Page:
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  1. #1
    Member cjustinm's Avatar
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    Default problem

    okay i know there are many here who are familiar with all types of snowmobile problem and im looking for some advice. The other day i was cruising along about 30 ish and my machine started to cut out and act like it was struggling it would then surge forward like nothing was wrong then cut out again it did this for a minute or two then seemed fine. It was not running out of gas and was wondering is this maybe just a plug fouling then burning off? Plug looked a little oily when i got home but i saw spark. The belt was not wet. Sled is a fuel injected 600 rmk. The fuel filter is new, gas is clean, the temp was -20 below plus wind chill if thats a factor. Not much powder so shouldn't have snow in the intake. Do you guys think it was just a plug?

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    Member letshunt's Avatar
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    Default

    This same thing happened to me a few years back, and it continued for awhile, turned out in my case I had some water in the gas. I didn't think it was water but after a bet with a friend I took the tank off and drained it, quite a bit of water. Since then it has ran great. Just my experience, hope it helps.

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    Member cjustinm's Avatar
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    cool, yeah might be. If so im not happy with my mr. funnel because thats what i used to help with the questionable gas we get up here.
    thanks for the reply

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    Moderator LuJon's Avatar
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    The Mr funnel may work great but it won't help you prevent condensation from forming inside your tank. Toss in some iso-heet (red bottle) and see if that cures your problem.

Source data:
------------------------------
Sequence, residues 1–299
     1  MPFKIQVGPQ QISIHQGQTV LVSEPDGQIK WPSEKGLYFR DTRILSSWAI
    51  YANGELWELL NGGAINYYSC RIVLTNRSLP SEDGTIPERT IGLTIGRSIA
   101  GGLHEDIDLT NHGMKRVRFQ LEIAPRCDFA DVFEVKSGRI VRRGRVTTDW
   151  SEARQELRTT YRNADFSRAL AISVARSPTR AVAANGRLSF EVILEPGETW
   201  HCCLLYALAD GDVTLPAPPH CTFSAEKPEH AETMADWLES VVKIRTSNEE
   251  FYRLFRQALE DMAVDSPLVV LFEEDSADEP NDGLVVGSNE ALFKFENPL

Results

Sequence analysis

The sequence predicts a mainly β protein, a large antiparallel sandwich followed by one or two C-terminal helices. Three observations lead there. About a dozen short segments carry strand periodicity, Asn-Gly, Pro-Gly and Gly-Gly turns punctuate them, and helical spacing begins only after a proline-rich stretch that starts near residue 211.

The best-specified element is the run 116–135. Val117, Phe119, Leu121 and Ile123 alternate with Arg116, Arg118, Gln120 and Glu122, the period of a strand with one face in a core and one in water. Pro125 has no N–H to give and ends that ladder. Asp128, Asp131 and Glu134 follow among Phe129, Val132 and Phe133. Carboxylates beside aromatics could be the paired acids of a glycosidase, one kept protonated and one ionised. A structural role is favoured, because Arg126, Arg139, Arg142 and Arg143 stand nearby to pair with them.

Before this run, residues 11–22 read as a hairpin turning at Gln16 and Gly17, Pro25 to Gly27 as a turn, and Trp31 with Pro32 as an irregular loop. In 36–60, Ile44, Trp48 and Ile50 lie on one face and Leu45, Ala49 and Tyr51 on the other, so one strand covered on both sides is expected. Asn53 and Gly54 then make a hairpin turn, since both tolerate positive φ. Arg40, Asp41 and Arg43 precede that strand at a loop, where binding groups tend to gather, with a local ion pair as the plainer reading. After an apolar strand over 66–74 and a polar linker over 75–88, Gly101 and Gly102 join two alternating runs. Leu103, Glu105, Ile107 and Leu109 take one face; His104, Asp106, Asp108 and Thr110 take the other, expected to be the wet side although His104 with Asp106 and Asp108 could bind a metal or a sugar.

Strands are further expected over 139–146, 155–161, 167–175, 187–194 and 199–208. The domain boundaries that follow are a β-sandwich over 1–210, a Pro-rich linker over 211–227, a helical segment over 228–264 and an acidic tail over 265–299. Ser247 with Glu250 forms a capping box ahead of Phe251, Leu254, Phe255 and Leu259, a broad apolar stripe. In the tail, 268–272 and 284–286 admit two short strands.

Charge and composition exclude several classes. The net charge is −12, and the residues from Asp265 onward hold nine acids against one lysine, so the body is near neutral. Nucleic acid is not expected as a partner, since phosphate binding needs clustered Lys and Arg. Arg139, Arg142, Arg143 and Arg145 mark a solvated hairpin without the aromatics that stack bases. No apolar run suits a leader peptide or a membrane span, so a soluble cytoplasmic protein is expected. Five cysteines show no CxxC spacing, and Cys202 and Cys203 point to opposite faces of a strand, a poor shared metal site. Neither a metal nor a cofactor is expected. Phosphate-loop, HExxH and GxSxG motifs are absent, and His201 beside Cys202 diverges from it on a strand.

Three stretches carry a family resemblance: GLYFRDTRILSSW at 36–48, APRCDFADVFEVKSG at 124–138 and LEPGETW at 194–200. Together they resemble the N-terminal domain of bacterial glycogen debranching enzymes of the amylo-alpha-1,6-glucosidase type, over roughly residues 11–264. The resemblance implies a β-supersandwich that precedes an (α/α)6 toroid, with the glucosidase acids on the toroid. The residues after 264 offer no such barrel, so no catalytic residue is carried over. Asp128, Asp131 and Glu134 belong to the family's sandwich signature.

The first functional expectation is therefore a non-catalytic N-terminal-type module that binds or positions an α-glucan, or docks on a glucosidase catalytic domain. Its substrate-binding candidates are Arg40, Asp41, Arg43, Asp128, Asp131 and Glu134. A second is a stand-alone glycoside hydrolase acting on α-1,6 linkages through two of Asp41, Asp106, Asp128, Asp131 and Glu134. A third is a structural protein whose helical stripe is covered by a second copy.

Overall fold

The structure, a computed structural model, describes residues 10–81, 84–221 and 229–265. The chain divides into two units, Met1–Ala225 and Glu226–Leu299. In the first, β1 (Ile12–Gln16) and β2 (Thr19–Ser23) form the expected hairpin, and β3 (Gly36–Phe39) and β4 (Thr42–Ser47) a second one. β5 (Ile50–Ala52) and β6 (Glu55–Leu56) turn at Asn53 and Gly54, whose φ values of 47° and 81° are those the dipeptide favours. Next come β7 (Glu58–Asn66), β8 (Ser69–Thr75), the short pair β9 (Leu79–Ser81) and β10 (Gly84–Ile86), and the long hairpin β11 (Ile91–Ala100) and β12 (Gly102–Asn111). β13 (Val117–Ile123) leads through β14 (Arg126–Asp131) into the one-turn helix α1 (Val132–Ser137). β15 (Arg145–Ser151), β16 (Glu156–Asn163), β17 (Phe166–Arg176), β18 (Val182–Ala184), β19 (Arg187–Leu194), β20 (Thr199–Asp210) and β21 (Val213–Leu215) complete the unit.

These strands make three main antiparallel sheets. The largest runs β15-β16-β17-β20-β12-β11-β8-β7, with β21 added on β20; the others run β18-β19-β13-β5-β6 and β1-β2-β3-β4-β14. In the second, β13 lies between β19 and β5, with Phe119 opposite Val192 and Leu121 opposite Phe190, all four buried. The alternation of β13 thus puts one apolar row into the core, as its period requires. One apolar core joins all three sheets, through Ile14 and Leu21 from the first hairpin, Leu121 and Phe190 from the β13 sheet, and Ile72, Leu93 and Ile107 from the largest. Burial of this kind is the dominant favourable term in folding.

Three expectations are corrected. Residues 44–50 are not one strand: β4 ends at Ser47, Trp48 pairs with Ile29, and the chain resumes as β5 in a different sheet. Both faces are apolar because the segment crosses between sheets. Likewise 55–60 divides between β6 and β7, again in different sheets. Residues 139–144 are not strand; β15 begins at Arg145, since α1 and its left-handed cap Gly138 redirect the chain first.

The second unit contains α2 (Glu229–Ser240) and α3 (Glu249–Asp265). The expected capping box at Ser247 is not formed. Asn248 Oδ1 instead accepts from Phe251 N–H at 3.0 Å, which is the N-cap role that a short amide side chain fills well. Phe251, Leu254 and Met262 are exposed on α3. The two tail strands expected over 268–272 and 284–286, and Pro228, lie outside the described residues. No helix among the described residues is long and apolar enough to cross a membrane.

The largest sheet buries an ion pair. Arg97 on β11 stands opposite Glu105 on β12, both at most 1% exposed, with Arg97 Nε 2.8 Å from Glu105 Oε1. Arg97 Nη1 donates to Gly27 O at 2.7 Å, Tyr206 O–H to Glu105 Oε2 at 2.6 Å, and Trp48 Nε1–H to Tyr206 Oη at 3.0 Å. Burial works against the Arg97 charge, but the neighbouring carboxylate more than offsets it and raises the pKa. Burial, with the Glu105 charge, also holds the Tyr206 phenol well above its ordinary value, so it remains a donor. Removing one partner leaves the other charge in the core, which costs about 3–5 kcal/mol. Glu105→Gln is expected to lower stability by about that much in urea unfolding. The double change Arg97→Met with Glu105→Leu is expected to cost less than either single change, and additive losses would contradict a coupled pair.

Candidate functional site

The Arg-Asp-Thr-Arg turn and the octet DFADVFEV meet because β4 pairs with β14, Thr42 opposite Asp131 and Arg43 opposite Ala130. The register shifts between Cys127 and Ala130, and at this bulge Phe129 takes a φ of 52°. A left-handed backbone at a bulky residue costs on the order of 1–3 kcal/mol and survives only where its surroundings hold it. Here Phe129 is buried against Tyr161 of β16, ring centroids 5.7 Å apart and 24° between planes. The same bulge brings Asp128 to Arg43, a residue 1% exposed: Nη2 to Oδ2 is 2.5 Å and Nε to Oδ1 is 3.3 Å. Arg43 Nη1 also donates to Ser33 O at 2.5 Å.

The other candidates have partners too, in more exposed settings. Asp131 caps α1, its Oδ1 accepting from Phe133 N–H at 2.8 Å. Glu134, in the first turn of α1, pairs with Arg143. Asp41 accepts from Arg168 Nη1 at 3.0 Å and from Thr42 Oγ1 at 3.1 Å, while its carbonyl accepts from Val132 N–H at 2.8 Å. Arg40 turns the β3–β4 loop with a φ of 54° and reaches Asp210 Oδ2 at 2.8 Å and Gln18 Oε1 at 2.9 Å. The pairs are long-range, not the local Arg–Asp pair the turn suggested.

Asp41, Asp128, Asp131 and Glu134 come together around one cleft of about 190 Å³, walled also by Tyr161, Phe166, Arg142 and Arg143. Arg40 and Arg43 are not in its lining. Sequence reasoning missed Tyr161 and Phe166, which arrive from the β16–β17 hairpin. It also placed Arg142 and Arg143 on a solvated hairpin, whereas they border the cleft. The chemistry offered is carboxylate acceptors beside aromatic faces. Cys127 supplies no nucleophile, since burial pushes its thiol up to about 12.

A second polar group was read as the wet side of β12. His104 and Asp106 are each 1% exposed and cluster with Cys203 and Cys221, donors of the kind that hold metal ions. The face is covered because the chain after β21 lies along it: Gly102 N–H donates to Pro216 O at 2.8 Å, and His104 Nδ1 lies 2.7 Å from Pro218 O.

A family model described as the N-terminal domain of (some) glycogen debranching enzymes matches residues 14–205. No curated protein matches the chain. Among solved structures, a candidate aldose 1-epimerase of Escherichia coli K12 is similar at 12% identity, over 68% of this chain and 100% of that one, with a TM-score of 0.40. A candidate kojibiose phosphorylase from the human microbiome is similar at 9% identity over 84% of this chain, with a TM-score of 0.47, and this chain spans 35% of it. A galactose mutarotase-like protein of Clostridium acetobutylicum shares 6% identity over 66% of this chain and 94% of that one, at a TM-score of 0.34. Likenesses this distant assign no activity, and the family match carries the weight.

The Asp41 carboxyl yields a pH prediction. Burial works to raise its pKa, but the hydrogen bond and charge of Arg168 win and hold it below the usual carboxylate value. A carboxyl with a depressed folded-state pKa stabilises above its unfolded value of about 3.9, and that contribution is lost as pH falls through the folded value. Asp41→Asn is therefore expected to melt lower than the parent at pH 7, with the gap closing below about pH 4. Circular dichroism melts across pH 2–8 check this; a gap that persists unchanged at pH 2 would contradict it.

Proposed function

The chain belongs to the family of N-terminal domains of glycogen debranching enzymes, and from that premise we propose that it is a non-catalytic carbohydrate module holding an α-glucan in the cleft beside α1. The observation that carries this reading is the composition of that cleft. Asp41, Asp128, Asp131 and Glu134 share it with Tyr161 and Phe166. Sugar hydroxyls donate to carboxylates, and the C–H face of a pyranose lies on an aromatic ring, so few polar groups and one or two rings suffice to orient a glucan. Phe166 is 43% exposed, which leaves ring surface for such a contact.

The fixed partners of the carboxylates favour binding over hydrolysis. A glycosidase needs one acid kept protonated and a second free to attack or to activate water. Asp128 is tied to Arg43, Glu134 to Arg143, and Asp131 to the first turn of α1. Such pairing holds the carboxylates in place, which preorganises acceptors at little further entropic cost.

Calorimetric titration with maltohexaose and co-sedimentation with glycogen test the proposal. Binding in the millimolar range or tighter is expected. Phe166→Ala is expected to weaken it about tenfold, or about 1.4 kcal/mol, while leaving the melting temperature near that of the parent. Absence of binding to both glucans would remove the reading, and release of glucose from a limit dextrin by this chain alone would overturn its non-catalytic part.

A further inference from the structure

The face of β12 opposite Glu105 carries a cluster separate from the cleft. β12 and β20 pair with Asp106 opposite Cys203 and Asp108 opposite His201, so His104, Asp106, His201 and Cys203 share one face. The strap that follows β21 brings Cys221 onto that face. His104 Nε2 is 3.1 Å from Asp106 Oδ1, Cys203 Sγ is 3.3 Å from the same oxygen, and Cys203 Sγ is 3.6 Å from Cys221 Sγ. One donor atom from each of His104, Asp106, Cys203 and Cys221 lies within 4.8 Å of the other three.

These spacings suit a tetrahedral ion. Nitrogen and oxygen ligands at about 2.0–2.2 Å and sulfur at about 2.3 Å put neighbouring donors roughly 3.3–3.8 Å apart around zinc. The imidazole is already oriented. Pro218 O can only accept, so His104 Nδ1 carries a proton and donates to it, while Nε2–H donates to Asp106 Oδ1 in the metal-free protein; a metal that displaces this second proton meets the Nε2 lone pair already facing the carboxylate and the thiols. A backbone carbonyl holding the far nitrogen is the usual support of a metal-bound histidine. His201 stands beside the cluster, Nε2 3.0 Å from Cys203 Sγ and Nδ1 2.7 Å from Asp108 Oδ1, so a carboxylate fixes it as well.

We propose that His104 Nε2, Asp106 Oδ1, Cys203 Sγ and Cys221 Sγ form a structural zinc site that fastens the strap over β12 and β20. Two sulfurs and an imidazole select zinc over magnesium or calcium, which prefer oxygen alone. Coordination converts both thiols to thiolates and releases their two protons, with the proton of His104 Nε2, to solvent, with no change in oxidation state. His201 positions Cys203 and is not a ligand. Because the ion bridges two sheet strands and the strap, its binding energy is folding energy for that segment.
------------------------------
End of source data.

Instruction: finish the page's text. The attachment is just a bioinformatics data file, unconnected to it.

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    Default heet

    I pump my own gas in Kotz - have it delivered from Crowley and have a filter between my gas drum and my pump. Still, if I don't add heet to my vehicles, some of them don't work quite right - especially my ATV - does the same thing you're explaining...usually cuts out at idle too.

  6. #6
    Member JOAT's Avatar
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    Ditto. Plugs don't "unfoul" themselves. Your problem was an intermittent fuel delivery issue. Ice is the most common culprit and it can be self-correcting as the ice melts or is cleared through the system (Iso-HEET is good).

    The ice/water is not coming from your fuel source or funnel. It forms inside the tank when there is a temperature change outside and the humidity is up. The moisture comes in through your vent and condensation forms inside the tank. The way to prevent this is to always park the machine with a completely full fuel tank. That leaves no room for moist air to get inside.
    Winter is Coming...

    Go GeocacheAlaska!

  7. #7
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    It might be moisture in the fuel but I doubt it. At -20* any moisture is ice and the fuel screen picks that up. I'd look at the throttle position switch. Every Polaris I've owned would garble a little in slow cruise because my hand position is relaxed and I would tend to side load the throttle paddle. Especially when it's cold and I'm trying to keep my hands warm by shifting them around. For Polaris machines that stay outside I always douse the throttle safety with a little iso when I refuel. If it does it again watch to see if any engine lights flash on. Engine condition sensors can be a nuisance.

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    Member cjustinm's Avatar
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    yeah, i do use heet (the red bottle) but didn't know much about moisture forming while your riding, might be the culprit. Thanks to all! Im also going to look at the throttle position switch like you suggested, my hands were getting cold and shifty. I had an engine light flash and the code was a dissconnected or loose wiring hook up, checked all wires and looked to be alright nothing frayed or dissconnected. I called the dealer and he just said bring it in maybe something wasn't hooked up when they first started it at the shop and was then hooked up later but the sensor picked it up and wasn't cleared. it'll cost a small fortune to send it to anc and back so im not really sure what to do. He said once the code is in the computer it will flash until its cleared off so it'll be really annoying. The machine has only cut out on me once or twice now and only for a minute or two so hopefully the problems aren't related because i dont want my sled in anc for a month.